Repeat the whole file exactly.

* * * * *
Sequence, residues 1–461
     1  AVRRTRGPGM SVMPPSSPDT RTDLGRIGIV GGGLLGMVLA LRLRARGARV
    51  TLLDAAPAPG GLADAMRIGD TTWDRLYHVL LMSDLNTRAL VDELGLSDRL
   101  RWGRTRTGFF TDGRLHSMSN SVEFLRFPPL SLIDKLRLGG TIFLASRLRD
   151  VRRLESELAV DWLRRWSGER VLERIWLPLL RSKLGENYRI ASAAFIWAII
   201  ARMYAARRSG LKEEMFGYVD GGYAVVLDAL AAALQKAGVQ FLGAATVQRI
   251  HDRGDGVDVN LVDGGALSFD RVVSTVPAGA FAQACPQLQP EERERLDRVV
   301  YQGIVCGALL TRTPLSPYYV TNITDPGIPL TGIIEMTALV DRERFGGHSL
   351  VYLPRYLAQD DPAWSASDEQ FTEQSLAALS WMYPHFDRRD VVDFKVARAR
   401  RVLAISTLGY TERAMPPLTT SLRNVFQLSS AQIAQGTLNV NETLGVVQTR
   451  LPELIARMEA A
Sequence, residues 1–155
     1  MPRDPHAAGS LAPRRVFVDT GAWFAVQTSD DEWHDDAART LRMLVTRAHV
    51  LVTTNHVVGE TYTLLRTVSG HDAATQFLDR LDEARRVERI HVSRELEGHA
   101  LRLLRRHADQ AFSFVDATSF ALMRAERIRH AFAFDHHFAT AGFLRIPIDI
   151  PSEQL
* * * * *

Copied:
Sequence, residues 1–461
     1  AVRRTRGPGM SVMPPSSPDT RTDLGRIGIV GGGLLGMVLA LRLRARGARV
    51  TLLDAAPAPG GLADAMRIGD TTWDRLYHVL LMSDLNTRAL VDELGLSDRL
   101  RWGRTRTGFF TDGRLHSMSN SVEFLRFPPL SLIDKLRLGG TIFLASRLRD
   151  VRRLESELAV DWLRRWSGER VLERIWLPLL RSKLGENYRI ASAAFIWAII
   201  ARMYAARRSG LKEEMFGYVD GGYAVVLDAL AAALQKAGVQ FLGAATVQRI
   251  HDRGDGVDVN LVDGGALSFD RVVSTVPAGA FAQACPQLQP EERERLDRVV
   301  YQGIVCGALL TRTPLSPYYV TNITDPGIPL TGIIEMTALV DRERFGGHSL
   351  VYLPRYLAQD DPAWSASDEQ FTEQSLAALS WMYPHFDRRD VVDFKVARAR
   401  RVLAISTLGY TERAMPPLTT SLRNVFQLSS AQIAQGTLNV NETLGVVQTR
   451  LPELIARMEA A
Sequence, residues 1–155
     1  MPRDPHAAGS LAPRRVFVDT GAWFAVQTSD DEWHDDAART LRMLVTRAHV
    51  LVTTNHVVGE TYTLLRTVSG HDAATQFLDR LDEARRVERI HVSRELEGHA
   101  LRLLRRHADQ AFSFVDATSF ALMRAERIRH AFAFDHHFAT AGFLRIPIDI
   151  PSEQL